Choose a topic from Vol 4:

Religion - Yes or No

Necessity of Religion
Reality of Religious Experience
Religion and life
Religious statistics
Nature of religion
Necessity of worship
Neglect of religion
Religion and history
Conversion of mankind

The Christian Church

Nature of the Church
Necessity of the Church
Visible organisation
Hierarchical constitution
Papal supremacy
Perpetuity of the Church

"This Shall Be the Sign"

Notes of identification
Unity of the Church
Holiness of the Church
Catholicity of the Church
Apostolic succession
"Roman" but not "Roman Catholic"

Dogmatic Authority of the Church

Authority in religion
Catholic Church infallible
The Pope infallible
Papal definitions
Dogmatic spirit of the Catholic Church
"Religion of the spirit"
Individual freedom
Re-stating Christianity
Athanasian Creed
Meaning of faith
Faith and reason
Faith and science
Religion and education
Religion and morals
Catholic countries backward
Universities and religion
Natural Moral Law
Christian principles of morality
Catholicism versus the world

The Power-Complex Illusion

Legislative power of the Catholic Church
Coercive power of the Catholic Church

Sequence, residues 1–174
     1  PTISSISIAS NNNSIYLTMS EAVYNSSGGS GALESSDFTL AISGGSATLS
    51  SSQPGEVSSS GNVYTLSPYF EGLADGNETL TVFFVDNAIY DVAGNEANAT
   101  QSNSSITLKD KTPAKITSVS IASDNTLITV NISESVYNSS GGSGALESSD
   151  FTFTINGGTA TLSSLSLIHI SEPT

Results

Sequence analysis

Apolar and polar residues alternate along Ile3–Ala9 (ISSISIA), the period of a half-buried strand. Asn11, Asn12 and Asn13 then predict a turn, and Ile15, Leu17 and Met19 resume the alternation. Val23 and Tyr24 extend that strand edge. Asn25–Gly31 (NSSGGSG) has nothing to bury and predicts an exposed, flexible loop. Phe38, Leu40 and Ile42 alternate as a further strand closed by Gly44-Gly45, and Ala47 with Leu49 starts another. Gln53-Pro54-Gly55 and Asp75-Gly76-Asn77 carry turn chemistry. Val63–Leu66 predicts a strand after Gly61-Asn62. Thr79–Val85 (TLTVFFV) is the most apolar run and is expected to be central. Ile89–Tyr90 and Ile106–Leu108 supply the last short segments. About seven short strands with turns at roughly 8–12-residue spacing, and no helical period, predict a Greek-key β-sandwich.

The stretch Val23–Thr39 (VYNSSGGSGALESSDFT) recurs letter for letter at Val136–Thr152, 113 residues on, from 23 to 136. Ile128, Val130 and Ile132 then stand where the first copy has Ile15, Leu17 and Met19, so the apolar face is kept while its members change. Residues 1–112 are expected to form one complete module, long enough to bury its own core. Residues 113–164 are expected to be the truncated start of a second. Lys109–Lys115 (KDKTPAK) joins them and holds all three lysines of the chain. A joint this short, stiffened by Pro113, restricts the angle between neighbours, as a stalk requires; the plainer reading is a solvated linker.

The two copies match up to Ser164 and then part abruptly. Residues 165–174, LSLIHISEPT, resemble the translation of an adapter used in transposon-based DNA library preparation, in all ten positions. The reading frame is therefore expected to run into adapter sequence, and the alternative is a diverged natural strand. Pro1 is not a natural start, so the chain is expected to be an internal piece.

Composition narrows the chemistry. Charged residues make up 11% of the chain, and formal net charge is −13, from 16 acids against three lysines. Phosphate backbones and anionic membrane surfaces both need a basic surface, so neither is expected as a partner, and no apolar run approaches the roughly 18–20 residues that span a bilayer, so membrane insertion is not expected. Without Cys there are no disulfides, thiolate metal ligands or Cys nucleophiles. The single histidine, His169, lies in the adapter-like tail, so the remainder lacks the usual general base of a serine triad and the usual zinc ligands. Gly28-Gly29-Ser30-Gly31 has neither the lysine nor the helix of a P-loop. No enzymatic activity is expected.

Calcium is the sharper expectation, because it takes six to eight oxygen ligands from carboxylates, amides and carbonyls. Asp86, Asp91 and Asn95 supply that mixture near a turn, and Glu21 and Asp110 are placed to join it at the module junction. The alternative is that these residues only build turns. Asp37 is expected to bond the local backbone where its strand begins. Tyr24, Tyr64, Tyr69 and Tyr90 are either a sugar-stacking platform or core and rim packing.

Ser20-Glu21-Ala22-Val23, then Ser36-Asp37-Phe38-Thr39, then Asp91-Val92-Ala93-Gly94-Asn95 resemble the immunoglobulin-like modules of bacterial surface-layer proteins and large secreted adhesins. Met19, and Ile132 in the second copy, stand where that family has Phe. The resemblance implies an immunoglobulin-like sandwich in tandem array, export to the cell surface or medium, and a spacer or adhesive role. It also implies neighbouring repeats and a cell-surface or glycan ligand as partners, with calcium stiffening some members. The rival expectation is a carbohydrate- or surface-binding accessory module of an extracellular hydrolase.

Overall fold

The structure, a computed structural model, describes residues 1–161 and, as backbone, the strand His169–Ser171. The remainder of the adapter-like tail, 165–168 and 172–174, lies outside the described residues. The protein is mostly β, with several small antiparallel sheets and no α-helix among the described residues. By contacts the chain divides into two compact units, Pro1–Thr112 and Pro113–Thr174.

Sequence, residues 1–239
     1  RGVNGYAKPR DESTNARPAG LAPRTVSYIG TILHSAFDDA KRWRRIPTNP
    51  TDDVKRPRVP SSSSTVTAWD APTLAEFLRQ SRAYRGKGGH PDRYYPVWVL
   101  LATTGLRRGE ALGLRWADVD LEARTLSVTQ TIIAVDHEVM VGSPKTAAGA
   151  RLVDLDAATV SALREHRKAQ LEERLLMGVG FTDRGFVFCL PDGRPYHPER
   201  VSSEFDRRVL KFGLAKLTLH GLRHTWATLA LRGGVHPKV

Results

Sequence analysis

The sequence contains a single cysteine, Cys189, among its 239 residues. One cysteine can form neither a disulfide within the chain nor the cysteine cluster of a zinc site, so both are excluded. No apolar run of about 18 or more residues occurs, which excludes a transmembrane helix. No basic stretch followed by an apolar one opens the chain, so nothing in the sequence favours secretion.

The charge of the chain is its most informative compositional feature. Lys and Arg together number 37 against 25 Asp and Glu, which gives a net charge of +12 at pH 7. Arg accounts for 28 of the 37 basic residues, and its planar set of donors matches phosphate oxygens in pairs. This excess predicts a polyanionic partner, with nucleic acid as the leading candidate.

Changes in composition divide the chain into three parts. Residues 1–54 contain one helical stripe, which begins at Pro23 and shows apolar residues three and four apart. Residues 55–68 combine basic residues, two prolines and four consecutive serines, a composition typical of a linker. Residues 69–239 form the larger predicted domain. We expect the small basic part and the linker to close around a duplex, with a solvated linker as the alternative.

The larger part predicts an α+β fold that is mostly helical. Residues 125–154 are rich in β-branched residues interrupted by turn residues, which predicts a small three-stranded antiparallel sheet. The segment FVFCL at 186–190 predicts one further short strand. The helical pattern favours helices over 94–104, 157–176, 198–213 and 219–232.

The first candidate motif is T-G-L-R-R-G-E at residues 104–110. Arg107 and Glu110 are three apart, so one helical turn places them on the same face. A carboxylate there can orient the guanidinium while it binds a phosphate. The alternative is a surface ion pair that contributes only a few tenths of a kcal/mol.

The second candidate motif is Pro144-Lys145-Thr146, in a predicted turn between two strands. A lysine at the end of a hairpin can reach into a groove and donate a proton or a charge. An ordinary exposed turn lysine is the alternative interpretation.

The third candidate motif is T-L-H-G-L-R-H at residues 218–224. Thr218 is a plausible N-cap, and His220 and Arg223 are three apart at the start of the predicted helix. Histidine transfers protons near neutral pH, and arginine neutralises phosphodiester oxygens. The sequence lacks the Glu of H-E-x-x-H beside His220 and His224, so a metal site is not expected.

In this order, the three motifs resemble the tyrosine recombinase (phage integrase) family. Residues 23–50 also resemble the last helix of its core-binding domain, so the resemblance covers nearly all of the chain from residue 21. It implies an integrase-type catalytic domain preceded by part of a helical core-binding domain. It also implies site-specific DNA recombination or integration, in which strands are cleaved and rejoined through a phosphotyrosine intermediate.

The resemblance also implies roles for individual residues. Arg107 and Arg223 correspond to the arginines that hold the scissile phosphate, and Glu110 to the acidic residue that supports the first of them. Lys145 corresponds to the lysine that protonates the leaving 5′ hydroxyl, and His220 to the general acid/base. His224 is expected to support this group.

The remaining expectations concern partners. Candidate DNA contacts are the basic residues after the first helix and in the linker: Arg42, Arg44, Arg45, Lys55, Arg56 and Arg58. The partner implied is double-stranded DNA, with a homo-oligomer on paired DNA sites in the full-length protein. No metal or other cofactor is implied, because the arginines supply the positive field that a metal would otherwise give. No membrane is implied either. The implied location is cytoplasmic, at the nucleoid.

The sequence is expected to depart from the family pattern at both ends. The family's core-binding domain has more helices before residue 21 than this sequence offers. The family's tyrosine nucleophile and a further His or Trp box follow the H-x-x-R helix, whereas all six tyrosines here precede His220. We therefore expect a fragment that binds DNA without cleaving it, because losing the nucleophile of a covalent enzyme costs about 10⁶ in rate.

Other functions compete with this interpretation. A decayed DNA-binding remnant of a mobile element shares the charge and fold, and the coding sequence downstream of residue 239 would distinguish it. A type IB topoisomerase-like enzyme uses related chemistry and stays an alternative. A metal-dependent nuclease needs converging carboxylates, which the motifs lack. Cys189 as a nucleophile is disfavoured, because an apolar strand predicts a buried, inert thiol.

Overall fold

Catholic Church and political ambitions
Divided allegiance of Catholics
Rome and totalitarianism
Aim of the Catholic Church in America
Catholic Action
Political freedom of Catholics
Catholic infiltration of civic life
Catholicism anti-democatic
Rival totalitarianisms, Rome and Moscow
Catholic attitude to Protestants
Spanish Inquisition
Church and State
Federal Union or "One World State"

Life-Or-Death Social Problems

Social reform necessary
Trade unions
Protestant Churches and Communism
Social apathy of Churches
Catholic social teaching
Family life
Primary purpose of marriage
Religion and marriage
Form of marriage
Mixed marriages
Birth control
"Catholic birth control"
Divorce and re-marriage
Catholics and civil divorce
Nullity decrees
Therapeutic abortion
Euthansia or mercy-killing

Those Exclusive Claims

Divided Christendom
Do divisions matter?
The "Only True Church" claims
Cause of sectarian bigotry
Reunion Movement
Catholic non-cooperation

Religious Liberty

Religious freedom
Catholic intolerance
Protestants and the principles of religious liberty
Rome and the "Four Freedoms"
Heresy and heretics
Religious rights of Protestants
Religious persecution
"Rome's historical record"
Protestant missionaries in Spain
In Italy
In South America
Conditions in Colombia

Are Only Catholics Saved

"Outside the Catholic Church no salvation"
Beliefs of Catholics
Salvation of Pagans
Salvation of Protestants
Why become a Catholic?
Duty of inquiry
Salvation of apostate Catholics
Test at the Last Judgment
Obstacles to conversion
Truth of Catholicism

Euthansia or mercy-killing

1273. I would like to put some questions on the highly controversial problem of euthanasia, which so long divided the ancient philosophers.